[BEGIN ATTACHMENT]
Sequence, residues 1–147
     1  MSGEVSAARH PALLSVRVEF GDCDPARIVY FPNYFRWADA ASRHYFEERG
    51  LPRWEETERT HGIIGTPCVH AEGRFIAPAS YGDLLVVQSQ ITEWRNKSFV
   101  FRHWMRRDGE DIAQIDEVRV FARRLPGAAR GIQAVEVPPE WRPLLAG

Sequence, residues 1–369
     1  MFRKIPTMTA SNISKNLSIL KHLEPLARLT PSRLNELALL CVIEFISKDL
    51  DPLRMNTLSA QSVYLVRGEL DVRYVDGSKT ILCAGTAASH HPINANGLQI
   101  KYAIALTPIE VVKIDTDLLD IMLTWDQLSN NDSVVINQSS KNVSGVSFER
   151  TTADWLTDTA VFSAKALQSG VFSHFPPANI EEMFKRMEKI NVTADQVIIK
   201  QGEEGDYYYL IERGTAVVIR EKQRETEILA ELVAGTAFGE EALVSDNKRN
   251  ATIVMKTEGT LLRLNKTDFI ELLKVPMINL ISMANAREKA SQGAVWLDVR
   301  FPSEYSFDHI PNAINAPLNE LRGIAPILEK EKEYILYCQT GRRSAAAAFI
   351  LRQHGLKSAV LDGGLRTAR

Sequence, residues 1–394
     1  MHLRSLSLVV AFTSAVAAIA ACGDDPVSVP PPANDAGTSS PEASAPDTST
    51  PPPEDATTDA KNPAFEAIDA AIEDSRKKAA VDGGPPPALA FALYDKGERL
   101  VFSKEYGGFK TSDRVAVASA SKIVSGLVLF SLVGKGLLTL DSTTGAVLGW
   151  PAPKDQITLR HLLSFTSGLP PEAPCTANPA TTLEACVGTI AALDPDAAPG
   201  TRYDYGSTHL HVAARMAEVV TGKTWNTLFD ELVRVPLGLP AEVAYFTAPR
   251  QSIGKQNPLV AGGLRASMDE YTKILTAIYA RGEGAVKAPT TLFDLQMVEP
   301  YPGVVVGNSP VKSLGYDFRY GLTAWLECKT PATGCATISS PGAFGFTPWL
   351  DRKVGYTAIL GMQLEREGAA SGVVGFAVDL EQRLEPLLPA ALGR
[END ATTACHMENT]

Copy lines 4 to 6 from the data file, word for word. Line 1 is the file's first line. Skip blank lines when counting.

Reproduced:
   101  FRHWMRRDGE DIAQIDEVRV FARRLPGAAR GIQAVEVPPE WRPLLAG

Sequence, residues 1–369
     1  MFRKIPTMTA SNISKNLSIL KHLEPLARLT PSRLNELALL CVIEFISKDL